Nasdaq rule adds to pressure on banks to diversify boards
DEIDiversityFinancial ServicesFinanceDiversity, Equity, and Inclusion Advisory
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August 16, 2021
DEIDiversityFinancial ServicesFinanceDiversity, Equity, and Inclusion Advisory
Executive Summary
A new diversity rule for companies listed on Nasdaq represents the latest push to convince banks to add more women and minorities to their boards of directors. 
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Excerpt from the article originally published in American Banker

The American Banker article, "Nasdaq rule adds to pressure on banks to diversify boards​," quoted Russell Reynolds Associates Consultant Mary-Caroline Tillman on how the new Nasdaq rule impacts banks. The article is excerpted below.

A new diversity rule for companies listed on the Nasdaq stock exchange represents the latest push to convince banks to add more women and minorities to their boards of directors. 

While the standards are facing some pushback, their recent approval by the Securities and Exchange Commission puts pressure on Nasdaq-listed banks to rethink long-standing approaches to recruiting board members, if they have not already done so amid insistence from investors and state officials. 

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“The big challenge is that banks require a lot of preparation for the board meetings. It’s quite a heavy lift,” said Mary Caroline Tillman, who co-leads the global financial services sector at the executive search firm Russell Reynolds. “There’s also a lot of risk involved with these banks. If you go onto the board and something goes wrong, there’s a huge reputational risk.”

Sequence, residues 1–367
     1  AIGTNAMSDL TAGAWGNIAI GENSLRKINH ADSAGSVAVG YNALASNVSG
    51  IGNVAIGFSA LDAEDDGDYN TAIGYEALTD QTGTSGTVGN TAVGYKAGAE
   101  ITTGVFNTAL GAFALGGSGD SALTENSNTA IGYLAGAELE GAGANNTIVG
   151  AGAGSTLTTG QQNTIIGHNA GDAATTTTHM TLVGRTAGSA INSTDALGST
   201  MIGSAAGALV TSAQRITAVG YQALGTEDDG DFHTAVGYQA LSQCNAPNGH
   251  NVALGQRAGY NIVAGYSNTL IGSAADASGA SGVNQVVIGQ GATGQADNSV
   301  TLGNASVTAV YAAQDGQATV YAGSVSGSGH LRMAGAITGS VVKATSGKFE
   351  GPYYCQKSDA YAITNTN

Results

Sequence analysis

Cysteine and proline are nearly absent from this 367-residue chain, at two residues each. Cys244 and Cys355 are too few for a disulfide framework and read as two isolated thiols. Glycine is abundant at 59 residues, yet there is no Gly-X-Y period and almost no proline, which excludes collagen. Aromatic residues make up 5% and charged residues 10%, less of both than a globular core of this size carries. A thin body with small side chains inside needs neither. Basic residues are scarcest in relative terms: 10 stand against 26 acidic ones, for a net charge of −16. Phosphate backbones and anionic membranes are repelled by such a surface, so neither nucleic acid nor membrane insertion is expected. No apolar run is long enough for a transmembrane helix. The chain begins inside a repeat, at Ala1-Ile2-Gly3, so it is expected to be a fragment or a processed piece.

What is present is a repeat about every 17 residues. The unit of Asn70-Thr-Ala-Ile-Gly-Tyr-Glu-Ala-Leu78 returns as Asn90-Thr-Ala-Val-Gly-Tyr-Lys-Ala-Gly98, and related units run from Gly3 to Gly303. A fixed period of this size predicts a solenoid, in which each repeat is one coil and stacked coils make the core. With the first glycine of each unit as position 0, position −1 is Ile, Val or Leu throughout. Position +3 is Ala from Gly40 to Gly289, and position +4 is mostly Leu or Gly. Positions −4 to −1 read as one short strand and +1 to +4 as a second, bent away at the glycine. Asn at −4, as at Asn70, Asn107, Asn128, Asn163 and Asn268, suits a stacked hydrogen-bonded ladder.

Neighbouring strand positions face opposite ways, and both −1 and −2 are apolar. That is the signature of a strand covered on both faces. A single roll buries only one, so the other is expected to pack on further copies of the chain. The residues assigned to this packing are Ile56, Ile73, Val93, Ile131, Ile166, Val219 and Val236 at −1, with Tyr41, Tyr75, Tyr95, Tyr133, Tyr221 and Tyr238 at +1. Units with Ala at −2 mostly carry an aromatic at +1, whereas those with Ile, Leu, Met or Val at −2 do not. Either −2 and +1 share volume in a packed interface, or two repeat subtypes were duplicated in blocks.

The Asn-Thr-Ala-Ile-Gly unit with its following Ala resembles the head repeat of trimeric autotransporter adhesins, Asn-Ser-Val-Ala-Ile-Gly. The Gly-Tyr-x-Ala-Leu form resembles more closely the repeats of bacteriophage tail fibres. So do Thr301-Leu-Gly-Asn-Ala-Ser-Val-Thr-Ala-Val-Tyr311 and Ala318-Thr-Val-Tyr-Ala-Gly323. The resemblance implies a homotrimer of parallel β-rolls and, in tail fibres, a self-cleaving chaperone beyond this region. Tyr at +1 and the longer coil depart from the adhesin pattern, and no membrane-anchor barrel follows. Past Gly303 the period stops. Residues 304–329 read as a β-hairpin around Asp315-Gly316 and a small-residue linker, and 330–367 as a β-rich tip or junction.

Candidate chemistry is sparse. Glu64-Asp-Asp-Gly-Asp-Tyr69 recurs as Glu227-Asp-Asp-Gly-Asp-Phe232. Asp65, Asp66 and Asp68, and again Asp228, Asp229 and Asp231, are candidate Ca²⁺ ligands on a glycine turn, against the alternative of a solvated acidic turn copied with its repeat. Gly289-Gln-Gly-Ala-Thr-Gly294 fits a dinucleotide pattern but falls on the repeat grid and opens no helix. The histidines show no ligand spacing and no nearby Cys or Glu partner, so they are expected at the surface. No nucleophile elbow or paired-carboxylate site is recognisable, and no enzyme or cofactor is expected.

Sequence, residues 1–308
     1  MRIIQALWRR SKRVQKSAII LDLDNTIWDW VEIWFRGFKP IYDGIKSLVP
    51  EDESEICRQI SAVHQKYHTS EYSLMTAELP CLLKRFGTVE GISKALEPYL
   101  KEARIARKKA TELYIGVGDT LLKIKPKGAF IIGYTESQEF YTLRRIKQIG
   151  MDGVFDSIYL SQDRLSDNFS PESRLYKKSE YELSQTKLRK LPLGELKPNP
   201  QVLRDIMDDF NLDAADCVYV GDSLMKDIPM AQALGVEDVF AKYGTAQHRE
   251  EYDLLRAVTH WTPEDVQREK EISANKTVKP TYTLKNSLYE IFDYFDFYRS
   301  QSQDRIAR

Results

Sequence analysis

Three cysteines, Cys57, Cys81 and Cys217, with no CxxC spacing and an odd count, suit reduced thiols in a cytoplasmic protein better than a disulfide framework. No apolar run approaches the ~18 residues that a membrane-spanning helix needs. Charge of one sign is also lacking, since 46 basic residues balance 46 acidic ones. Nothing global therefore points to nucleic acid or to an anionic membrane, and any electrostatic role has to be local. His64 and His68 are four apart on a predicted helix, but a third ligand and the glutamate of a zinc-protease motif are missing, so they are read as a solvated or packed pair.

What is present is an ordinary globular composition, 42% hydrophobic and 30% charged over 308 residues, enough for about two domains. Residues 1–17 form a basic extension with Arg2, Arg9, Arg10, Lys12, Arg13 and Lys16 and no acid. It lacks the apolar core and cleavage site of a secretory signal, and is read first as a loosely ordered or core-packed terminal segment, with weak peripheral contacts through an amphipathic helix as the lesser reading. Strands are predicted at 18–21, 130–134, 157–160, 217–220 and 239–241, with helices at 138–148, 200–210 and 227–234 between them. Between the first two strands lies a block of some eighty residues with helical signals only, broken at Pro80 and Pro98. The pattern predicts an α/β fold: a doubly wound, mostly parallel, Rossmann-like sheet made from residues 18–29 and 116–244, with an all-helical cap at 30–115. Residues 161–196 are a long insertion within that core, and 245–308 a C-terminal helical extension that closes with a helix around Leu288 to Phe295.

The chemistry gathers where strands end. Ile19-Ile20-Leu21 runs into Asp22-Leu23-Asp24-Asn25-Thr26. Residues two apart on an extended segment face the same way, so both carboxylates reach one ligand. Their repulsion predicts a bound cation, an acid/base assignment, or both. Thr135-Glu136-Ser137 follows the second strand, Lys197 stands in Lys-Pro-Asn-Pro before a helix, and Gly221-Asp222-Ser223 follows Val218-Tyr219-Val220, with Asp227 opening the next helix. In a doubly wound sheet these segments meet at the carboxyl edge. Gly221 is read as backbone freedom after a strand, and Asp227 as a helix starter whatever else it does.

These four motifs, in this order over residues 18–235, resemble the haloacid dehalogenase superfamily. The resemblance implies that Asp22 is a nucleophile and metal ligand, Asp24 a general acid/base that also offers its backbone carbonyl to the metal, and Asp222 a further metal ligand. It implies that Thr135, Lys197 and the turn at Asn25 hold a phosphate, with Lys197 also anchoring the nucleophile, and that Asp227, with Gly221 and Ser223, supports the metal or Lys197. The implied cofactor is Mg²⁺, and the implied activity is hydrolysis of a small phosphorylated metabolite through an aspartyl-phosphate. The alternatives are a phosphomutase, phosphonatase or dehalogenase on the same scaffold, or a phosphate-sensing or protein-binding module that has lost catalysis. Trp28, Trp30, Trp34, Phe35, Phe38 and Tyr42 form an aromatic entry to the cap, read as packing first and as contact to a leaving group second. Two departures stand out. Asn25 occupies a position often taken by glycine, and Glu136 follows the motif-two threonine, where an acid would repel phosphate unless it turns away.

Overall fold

Still, Tillman supports the Nasdaq’s rule. She said that a diversity of thought and experience on a board can help discourage groupthink when it is added in a thoughtful and deliberate way. She also argued that more disclosure about diversity is generally good for investors, many of whom have sought this information in recent years. 

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Banks cannot reasonably expect to find the board candidates they want within a matter of months, according to Tillman. But they can start expanding their networks and looking at executives who could be ready to serve on a board a few years into the future. 

“It’s no different than doing succession planning for your executive suite,” Tillman said. “Frankly, it surfaces a lot of really talented individuals who might not have even been thought about if you hadn’t opened the aperture." 

Access the full article here.